Are antibiotics a recipe for obesity in childhood?
(HealthDay)—Children who receive multiple antibiotic prescriptions early in life may be vulnerable to obesity, two new studies suggest.
In one study, researchers found that 4-year-olds who'd received more than nine antibiotic prescriptions in their lives were twice as likely to be obese as their peers with no antibiotic exposure.
The second study found a similar pattern. However, the antibiotic-obesity link disappeared when the researchers compared siblings with one another—suggesting that some other factors within families might explain the finding instead.
For now, experts said, it's unclear whether antibiotic use directly affects children's weight.
But the studies underscore the long-established need for more judicious use of antibiotics.
"There are illnesses in early childhood for which antibiotics must be given," said Dr. Cameron Grant, senior researcher on one of the studies. "However, there are a number for which antibiotics are not indicated, but are sometimes prescribed."
The common cold is one example. Colds are caused by viruses, and antibiotics—which kill bacteria—are useless against them.
But why would antibiotics have any effect on young children's weight?
The notion is not far-fetched, according to Meghan Azad, an assistant professor at the University of Manitoba, in Canada.
She wrote an editorial accompanying the studies published online Jan. 22 in JAMA Network Open.
In it, Azad pointed to what's known from the animal world. Farmers have long used antibiotics to fatten up livestock, and lab research has suggested a reason for the effect: changes in the gut microbiome.
The microbiome refers to the trillions of bacteria and other microbes that inhabit the body and help it function smoothly. Gut microbes are involved in storing and burning calories from food—and, in theory, alterations in that microbiome might contribute to excess weight gain.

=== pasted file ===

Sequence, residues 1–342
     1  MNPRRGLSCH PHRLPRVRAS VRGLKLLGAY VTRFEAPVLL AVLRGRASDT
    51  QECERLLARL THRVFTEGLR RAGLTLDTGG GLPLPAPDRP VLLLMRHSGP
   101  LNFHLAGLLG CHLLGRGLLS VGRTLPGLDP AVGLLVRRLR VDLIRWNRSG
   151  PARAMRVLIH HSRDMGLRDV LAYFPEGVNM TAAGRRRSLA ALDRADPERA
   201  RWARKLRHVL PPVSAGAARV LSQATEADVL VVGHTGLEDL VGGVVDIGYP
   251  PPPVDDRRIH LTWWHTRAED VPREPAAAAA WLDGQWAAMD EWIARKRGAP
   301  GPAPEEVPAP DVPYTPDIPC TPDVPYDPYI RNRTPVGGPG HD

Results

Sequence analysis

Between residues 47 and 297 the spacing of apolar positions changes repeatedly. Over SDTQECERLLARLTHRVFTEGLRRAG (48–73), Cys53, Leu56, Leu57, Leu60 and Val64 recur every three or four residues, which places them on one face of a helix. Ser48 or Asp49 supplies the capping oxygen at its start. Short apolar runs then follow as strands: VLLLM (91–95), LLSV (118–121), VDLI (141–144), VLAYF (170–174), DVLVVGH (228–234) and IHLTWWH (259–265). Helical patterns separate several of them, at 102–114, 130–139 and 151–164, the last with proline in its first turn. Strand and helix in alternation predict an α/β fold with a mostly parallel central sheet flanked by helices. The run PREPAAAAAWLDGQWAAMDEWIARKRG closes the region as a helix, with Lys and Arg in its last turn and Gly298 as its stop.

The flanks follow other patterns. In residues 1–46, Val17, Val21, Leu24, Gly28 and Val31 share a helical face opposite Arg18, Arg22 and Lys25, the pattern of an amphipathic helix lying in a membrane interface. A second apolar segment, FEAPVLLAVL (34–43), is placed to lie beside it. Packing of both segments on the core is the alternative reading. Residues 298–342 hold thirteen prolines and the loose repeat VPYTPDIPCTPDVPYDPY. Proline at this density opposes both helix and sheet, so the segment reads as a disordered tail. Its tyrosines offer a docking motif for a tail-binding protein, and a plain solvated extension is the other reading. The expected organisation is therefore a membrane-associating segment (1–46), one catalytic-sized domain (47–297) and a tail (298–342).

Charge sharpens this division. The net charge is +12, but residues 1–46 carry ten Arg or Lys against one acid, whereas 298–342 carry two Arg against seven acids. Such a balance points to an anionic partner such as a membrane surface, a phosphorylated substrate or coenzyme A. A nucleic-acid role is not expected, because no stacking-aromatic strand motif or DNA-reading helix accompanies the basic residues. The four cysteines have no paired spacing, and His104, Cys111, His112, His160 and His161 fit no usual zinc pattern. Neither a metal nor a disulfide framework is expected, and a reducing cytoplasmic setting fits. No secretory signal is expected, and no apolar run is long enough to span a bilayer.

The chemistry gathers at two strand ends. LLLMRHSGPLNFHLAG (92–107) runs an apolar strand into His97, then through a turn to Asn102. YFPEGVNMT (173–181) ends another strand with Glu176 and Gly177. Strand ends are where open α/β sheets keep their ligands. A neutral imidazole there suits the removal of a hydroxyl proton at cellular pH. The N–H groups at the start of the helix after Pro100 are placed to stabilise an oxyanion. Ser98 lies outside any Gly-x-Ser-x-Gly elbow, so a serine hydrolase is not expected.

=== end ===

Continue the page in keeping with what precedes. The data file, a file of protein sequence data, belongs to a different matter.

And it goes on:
The latest studies, Azad said, give support to the idea that early development of the gut microbiome might affect obesity risk.
For their study, Grant's team followed over 5,100 New Zealand children over the first 4.5 years of life. By that age, nearly all—95%—had been prescribed an antibiotic at some point and 9% were obese.
Overall, children who'd received four or more antibiotic prescriptions tended to weigh more than those with fewer prescriptions. And children with at least 10 prescriptions were 2.4 times more likely to be obese, versus kids with no prescriptions.
That does not prove antibiotics were to blame. There could be other explanations for the link, said Grant, a professor of pediatrics at the University of Auckland.
The researchers did account for as many of those alternatives as possible, he said. They factored in kids' diet, sleep and TV habits, as well as mothers' weight and education level, for example.
And greater antibiotic use was still linked to more weight gain, the investigators found.
In the second study, led by Dr. Karen Leong from the University of Auckland, researchers looked at data on nearly 133,000 mothers and their young children. Again, the more antibiotics children used early in life, the greater their risk of obesity. However, that link was not seen when the researchers compared siblings.
Grant pointed to one way to potentially settle the issue: Randomly assigning pregnant women and, later, their children to one of two study groups—one receiving standard medical care, and one in a program to reduce unnecessary antibiotic use. If children in the latter group were less likely to become obese over time, that would suggest antibiotics play some role.
Azad agreed that such a study would be helpful.
She also put the findings in a wider context: Obesity is complicated, with many factors affecting a child's risk. "There is no single cause," Azad said.
And no one is trying to scare parents away from antibiotics. They are sometimes needed, and even lifesaving, Azad said.
"But they are often used unnecessarily," she added, "and this is the problem."
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